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Keeping the land fertile
Marissa Carruthers
 

Ecotourism has been a lifeline for northern Vietnam, a region known for its remarkable landscapes and cultures, but can it prevent over- commercialisation and overexploitation?

North Vietnam – in particular Sapa – is shaping up to be the country’s ecotourism hub, as more operators develop tours and homestays connecting with local ethnic minority communities, predominantly Hmong and Dao.


Northern Vietnam is shaping up as an ecotourism hub in the country


Jack Bartholomew, general manager of Ground Asia, said: “The potential in north Vietnam is huge. You have a whole range of ecosystems – forests, national parks, limestone ecosystems and a massive potential for cultural preservation as the area is home to numerous tribes and ethnic groups.”

Nguyen Thu Trang, director of sales and marketing at Mai Chau Ecolodge, agreed: “Ecotourism is undoubtedly a burgeoning niche market within the Vietnam tourism industry.”

Besides an increase in ecotourism products, Shu Tan, founder and director of Sapa O’Chau, said the highway connecting Hanoi to Lao Cai, which debuted in 2015, has been key to opening the area up to visitors as it cuts the bus journey from 12 hours to six.

She said: “The increase in accessibility allows tourists to spend more time seeing Vietnam rather than travelling from one place to another.”

However, as development in Sapa picks up pace – triggering an oversupply in hotels and guesthouses, and a surge in room prices – tourism is trickling into nearby, less-developed provinces.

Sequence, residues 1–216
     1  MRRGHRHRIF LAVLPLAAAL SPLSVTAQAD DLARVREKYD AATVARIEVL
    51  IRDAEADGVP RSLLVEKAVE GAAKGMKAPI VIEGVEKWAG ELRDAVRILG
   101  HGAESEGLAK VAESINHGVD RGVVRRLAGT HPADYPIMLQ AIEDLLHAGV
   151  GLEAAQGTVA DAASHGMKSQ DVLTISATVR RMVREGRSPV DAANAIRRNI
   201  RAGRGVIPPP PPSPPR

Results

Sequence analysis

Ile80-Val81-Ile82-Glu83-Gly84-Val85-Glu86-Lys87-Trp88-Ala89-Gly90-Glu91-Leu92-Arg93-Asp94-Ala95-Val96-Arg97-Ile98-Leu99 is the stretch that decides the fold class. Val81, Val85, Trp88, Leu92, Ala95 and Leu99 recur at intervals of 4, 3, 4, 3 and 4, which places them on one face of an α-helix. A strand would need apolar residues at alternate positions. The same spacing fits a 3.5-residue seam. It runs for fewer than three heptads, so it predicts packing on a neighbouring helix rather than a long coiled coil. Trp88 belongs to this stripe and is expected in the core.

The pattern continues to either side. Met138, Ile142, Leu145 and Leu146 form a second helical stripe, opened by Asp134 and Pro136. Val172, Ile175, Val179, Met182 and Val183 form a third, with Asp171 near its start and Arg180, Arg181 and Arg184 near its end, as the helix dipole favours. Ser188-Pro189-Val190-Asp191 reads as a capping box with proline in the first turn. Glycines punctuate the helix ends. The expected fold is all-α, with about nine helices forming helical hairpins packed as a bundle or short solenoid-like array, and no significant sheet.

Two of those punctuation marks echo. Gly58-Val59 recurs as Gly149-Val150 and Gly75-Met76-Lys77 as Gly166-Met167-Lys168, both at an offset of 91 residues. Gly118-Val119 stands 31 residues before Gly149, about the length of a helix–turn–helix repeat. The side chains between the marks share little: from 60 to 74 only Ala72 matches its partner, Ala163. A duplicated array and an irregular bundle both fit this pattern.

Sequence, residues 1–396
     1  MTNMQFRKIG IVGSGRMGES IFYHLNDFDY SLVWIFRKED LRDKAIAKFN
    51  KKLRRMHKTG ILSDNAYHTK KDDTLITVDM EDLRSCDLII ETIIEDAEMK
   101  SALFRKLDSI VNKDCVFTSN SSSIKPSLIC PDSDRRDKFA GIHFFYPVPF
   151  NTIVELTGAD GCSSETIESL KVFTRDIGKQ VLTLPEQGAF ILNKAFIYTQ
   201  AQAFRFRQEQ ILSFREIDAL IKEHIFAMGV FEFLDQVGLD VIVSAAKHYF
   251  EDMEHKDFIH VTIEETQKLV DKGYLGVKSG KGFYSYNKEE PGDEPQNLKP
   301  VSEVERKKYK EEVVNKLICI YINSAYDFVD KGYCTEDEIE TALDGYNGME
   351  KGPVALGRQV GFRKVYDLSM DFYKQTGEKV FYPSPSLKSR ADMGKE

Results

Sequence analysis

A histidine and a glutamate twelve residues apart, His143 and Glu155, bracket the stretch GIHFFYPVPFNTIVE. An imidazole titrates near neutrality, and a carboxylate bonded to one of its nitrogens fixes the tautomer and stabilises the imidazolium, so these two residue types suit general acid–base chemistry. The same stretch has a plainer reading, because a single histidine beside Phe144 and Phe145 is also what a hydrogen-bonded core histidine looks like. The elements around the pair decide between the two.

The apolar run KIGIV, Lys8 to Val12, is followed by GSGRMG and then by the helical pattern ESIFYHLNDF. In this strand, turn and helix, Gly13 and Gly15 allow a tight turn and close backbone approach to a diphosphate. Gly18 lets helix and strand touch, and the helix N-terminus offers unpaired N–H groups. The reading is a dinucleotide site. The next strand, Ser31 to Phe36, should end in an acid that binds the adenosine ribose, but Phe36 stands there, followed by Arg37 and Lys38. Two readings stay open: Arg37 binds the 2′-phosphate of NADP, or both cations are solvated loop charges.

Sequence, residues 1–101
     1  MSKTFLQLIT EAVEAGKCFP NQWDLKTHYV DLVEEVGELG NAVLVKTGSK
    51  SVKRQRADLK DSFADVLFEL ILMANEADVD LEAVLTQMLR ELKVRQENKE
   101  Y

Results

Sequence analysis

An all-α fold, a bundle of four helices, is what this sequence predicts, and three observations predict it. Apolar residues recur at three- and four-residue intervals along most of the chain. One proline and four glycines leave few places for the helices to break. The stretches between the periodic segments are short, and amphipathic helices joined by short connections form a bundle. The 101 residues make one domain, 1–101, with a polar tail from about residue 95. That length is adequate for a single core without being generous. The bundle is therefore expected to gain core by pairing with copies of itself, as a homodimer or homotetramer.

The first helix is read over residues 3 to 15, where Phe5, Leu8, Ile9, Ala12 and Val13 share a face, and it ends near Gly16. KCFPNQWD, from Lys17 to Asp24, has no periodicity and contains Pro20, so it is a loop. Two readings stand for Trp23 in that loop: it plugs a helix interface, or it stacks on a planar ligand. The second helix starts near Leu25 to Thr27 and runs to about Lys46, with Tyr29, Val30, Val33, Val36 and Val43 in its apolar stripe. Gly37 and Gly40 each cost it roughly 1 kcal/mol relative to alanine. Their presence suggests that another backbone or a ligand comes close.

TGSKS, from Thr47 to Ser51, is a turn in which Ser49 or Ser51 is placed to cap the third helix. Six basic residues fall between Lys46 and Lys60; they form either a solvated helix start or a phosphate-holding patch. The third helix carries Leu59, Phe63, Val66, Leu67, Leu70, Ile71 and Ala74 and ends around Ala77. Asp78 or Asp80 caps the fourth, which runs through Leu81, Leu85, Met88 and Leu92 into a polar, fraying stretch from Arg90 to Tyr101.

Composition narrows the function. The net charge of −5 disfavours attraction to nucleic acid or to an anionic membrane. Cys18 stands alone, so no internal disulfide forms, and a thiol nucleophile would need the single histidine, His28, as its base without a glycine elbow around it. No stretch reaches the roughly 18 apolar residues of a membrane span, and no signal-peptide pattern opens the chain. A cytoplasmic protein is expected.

Other areas in north Vietnam, Lang Son, Ha Giang and Son La, are also growing in popularity. Despite the lack of infrastructure, their off-the-beaten-track appeal has seen more international visitors incorporating these destinations into their itineraries, noted Bartholomew.

In February, a masterplan to develop Mau Son tourism zone in Lang Son was given the green light, and 1,500ha was devoted to developing a range of tourism products relating to the landscapes and the native Dao, Tay and Nung ethnic minority culture. A target to attract 800,000 visitors by 2025 has been set.

But industry players are quick to point out that careful development is essential for the region to retain its authenticity. Waste management plans, for instance, need to be put in place to preserve the unique environment and ecology.

Expressing her concerns about the downsides of ecotourism, Nguyen said: “(Ecotourism) can have a detrimental effect instead. As a destination’s popularity grows, resources sometimes become overtaxed and natural attractions suffer from (congestion). Visitors can also disrupt wildlife, resulting in changes to their feeding and mating habits.”

Overdevelopment is another concern, especially as domestic tourists surge.

“What you see now is handful of sites getting a massive number of visitors while many others remain unvisited,” said Bartholomew. “It also means the tourist dollar isn’t reaching those other places.”

Stressing the need for proper development plans in ecotourism destinations, Bartholomew added: “Hopefully some lessons can be learnt (but) the outlook is positive; the potential is huge.”

 

This article was first published in TTG Asia August 2017 issue. To read more, please view our digital edition or click here to subscribe.

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